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Ozro Jones, President of the International Youth Congress, writes C. T. Vivian stating that he sincerely appreciates Dr. King for accepting the invitation to speak at the International Youth Congress in Chicago.
Ms. McDonald responds to Mr. Cargas' letter which included an enclosure of the December issue of "The Queen's Work,"a publication of The Sodality of Our Lady society. Ms. McDonald tells the sender that Dr. King is out of town, and the package will be brought to his attention upon his return to Atlanta.
The Temple Israel of Hollywood sends a contribution to the SCLC and praises Wyatt Tee Walker for his appearance.
Mrs. Bayles of Des Moines, Iowa writes Dr. King during his sentence in the Birmingham jail. She congratulates him for all of his achievements and reminisces on the events she has been privileged to attend and hear him speak publicly.
In this memo, Joan Daves informs Dr. King that Victor Weybright will telephone his London organization. Joan then suggests that Dr. King make himself available in London on August 17.
This press release announces the Virginia State Unit of the SCLC's appeal to Governor Albertis Harrison in hopes that he will establish a "Nobel Peace Prize Day" in honor of Dr. King. The proposed day will possibly be held in conjunction with a speech Dr. King will deliver at Virginia State College and the Virginia SCLC State Convention.
Richard Tennent Jr. requests that Dr. King consider applying his efforts of non-violence to Cleveland, Ohio "...to help prevent the violence that seems inevitable." Tennent states that he cannot support the Reverend's stance on the Vietnam War, either financially or intellectually.
Dr. King gives an address at the National Urban Leagues's Golden Anniversary Conference in New York City. He speaks on the subject, "The Rising Tide of Racial Consciousness" and discusses the Negroes new sense of "somebodiness." The factors that contribute to this new sense of dignity include a population shift from rural to urban life, rapid educational advance, gradual improvement of economic status, Supreme Court decisions outlawing segregation in the public schools, and awareness that freedom is a part of a world-wide struggle.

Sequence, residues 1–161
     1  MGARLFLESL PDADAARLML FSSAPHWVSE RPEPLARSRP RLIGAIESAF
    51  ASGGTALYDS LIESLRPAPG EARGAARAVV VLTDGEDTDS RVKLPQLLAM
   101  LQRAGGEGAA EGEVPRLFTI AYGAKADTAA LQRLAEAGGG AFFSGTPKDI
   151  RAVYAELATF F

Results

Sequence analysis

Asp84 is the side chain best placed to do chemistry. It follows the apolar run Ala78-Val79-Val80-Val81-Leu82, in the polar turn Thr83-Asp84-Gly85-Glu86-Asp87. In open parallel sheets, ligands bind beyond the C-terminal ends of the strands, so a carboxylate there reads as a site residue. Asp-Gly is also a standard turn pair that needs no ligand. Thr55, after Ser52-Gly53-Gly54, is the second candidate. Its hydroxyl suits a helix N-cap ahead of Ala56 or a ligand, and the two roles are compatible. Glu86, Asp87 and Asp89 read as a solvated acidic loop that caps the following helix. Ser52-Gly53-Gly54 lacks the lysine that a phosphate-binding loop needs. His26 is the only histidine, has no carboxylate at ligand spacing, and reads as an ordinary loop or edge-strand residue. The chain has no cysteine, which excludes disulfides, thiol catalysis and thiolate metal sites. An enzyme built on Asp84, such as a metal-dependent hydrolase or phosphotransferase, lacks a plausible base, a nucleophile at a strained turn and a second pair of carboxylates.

Ernest Shaefer, Executive Secretary for the Hadley Executive Committee, writes Miss McDonald to finalize a date and place for Dr. King to give a lecture in support of the Hadley Memorial Fund.
On behalf of Dr. King, Wyatt Walker thanks Hy Resnick and the Mount Vernon YM & YWHA for their efforts to raise money to aid the civil rights movement. He then suggests a number of entertainers that might be useful through Harry Belafonte's associations.
This November 1967 news bulletin published by the SCLC contains updates regarding progress of the Civil Rights Movement, excerpts from the President's Annual Report and financial facts for the organization's supporters.
This Congressional Record documents a statement regarding the antipoverty bill. The statement, made to the public by the Leadership Conference on Civil Rights, urged Congress to support funding towards eradicating poverty for both black and white citizens.
In this letter to the Chairman of the Department of Counseling and Guidance at Michigan State, Dr. King gives a stellar review of the work of Dr. Robert Green. Dr. King commends Dr. Green's performance in stabilizing the SCLC Citizenship Education Program and expresses appreciation to the university for sharing his expertise.
Dr. King is writing to express his deep appreciation for the generous contribution made by Jerry Flint. He acknowledges the importance of the continuous support of the contributors so that the fight for social justice and peace can continue.
Paul Kylar, a student from the Bronx, writes Dr. King to convey support for his plea for peace. Kylar mentions that he attended a peace parade and how elated he is to know that Dr. King works for all people and not just Negroes.
Polly G. writes Dr. King informing him that her class is creating reports on famous people. She has chosen to write her report on Dr. King and asks him to assist her by sending some additional material along with a photograph.
G. Campbell-Westlind, Acting Consul General of the Royal Consulate General of Sweden, informs Dr. King that Simon & Schuster has asked the Nobel Foundation in Stockholm for permission to print his Nobel Award Acceptance Speech. The letter requests Dr. King's comments on the proposal.
Cleveland Robinson, Secretary Treasurer of AFL-CIO District 65 Retail, Wholesale and Department Store Union, writes to Dr. King with several suggestions for the upcoming SCLC convention.